4 secret hacks to Getting your late talker to talk. (Part 1)
Do you speak more than one language? If you do, you may already be aware that one must understand a language before they can begin to speak it. Exposure to that language is crucial, that is why the most effective way to learn a language is by immersion.
Research shows that babies understand their language long before they will speak it. Deaf babies of deaf adults are taught sign language to communicate. In a study conducted in 1983 Deaf babies of Deaf adults demonstrated language expression (through sign language) as early as 8 month old1. If the child was expressing at EIGHT months we can conclude he was understanding long before that.
Verbal language expression emerges around 12 months due to anatomical development. It simply is easier to move and control your hands (gross motor) than it is your tongue (fine motor) at that age. However, research shows that receptive language is acquired the same across all modalities of communication.
This means your baby DOES understand you and has for a long time.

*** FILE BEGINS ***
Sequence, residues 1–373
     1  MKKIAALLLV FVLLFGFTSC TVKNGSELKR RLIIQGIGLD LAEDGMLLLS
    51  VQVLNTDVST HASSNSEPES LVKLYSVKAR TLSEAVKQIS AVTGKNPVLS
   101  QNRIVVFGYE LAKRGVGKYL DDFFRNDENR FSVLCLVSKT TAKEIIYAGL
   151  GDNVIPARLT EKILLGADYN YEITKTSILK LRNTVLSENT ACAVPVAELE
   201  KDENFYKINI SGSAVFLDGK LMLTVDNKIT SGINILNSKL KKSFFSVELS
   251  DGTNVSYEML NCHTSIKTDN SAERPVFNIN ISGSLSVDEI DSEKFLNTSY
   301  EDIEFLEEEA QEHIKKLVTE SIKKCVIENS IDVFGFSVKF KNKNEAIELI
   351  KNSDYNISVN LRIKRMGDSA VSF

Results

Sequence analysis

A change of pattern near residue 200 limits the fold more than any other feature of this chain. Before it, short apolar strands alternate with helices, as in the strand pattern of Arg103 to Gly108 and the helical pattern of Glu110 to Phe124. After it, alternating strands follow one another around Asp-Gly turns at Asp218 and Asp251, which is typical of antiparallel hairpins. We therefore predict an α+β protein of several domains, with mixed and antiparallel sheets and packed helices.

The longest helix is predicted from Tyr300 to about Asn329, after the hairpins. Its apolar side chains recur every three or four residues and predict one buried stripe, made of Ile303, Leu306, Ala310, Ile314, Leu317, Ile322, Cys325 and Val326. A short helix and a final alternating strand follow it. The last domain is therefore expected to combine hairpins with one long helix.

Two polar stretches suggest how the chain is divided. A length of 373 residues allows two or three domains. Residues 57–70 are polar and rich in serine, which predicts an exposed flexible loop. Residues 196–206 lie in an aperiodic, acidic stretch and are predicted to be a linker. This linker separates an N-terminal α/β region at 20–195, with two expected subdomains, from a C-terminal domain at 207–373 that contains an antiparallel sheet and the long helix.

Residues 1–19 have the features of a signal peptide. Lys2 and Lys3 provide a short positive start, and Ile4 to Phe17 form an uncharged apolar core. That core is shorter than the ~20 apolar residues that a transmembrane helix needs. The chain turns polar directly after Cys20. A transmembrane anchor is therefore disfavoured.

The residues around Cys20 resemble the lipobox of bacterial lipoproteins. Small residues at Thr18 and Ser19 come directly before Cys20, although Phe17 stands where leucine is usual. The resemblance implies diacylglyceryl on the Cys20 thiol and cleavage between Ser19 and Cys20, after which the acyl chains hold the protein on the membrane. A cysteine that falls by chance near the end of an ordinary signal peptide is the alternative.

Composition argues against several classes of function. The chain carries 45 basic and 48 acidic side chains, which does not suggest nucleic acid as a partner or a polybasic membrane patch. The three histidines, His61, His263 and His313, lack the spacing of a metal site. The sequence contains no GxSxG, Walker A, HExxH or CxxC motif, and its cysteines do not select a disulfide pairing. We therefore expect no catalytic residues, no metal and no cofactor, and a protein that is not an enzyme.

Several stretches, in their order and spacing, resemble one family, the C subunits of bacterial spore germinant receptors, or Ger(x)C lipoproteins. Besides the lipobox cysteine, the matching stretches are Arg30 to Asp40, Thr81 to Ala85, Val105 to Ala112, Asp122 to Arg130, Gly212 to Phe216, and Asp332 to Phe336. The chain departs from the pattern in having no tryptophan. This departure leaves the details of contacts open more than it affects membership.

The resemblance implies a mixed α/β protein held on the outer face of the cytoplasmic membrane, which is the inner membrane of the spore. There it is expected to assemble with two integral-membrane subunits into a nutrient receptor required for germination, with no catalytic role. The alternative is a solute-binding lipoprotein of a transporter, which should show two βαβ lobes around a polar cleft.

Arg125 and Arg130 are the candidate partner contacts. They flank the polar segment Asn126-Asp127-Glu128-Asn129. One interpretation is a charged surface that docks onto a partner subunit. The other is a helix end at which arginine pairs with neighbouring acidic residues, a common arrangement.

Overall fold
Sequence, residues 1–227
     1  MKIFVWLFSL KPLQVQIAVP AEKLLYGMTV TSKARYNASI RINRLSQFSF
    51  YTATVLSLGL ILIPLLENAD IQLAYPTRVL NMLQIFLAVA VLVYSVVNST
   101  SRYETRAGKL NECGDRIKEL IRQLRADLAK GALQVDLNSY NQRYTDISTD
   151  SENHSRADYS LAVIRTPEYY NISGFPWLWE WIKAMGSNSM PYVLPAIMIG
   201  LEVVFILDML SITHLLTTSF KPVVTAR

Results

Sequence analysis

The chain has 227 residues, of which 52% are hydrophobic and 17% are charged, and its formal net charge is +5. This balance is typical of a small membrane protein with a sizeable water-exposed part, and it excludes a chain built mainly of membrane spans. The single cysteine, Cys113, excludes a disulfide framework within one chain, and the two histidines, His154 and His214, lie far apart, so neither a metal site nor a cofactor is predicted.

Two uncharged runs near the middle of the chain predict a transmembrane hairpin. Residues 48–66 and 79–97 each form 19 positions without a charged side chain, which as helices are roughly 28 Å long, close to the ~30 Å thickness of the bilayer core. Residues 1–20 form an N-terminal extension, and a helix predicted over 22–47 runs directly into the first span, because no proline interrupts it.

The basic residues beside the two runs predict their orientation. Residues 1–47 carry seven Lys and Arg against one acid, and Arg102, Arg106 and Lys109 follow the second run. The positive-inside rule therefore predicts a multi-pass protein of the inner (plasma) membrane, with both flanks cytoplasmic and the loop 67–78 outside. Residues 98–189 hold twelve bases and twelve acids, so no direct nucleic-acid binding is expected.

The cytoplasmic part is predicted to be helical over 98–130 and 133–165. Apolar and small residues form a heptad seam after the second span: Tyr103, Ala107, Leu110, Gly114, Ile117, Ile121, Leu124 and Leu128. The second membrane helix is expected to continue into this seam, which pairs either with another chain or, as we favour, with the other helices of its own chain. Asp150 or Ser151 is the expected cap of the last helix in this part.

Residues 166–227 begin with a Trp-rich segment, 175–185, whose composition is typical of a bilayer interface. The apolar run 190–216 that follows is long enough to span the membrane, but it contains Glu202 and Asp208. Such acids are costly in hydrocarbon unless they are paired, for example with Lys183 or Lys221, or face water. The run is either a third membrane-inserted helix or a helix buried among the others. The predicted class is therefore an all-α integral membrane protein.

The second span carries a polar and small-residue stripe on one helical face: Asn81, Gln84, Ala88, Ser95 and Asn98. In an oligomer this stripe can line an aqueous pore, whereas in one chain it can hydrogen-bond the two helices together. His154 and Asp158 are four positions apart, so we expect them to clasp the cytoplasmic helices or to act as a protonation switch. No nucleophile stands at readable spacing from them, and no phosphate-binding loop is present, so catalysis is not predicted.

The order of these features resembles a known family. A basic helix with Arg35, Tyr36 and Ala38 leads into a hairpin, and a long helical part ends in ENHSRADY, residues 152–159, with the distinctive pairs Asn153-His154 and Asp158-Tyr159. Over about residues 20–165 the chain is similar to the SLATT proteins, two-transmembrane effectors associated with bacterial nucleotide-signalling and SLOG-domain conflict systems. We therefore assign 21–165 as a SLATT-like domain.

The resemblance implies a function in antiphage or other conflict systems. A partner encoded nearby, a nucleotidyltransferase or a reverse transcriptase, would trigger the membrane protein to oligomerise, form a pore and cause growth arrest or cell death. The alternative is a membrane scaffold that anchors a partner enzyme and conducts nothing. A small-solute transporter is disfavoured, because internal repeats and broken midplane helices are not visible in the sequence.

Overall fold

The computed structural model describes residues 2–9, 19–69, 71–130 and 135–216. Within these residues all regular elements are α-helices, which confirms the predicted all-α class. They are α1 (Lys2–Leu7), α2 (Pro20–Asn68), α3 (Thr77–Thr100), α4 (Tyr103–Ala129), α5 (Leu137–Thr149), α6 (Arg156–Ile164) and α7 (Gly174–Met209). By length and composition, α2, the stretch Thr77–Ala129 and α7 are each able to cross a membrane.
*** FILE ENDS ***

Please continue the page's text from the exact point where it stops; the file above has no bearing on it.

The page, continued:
The first HACK for getting your late talker to talk is based on this truth; exposure called Auditory Bombardment. Auditory Bombardment is the auditory stimulus you produce by immersing your baby/child in the words and sounds you want them to use. You bombard their receptive system with words, words, words. This means even though it may appear your child is not a part of the conversation, KEEP TALKING
This can be more difficult than it seems. Most parents report feeling awkward “talking to themselves” all day, but the fact of the matter is, you are NOT talking to yourself. You are talking to your baby and he/she understands you.
What about the 3 year old who is still not talking? Let me explain what this looks like in a therapeutic setting.
Johnny makes plenty of noise but no one can understand him. At lunch time, Mom hands Johnny a cracker and says, “Cracker. Mmmm cracker. Good Cracker. Here’s your Cracker” She repeats over and over again the target, she wants Johnny to eventually attempt to say. She places NO demand on Johnny at this time, she is only exposing him to words she wants him to add to his vocabulary.
Once Johnny has been bombarded with the auditory stimulation of his language, he will eventually make connection of what it means and when to use it. But then again, what if he understands it but is still not producing it. That leads us to HACK number 2. Click the blog to read 4 secret hacks to getting your late talker to talk (Part 2). Here you will learn how to place communication demand on a child without resulting in emotional breakdown.
What functional words would you like your child to say? Comment below and I’ll respond with ideas.
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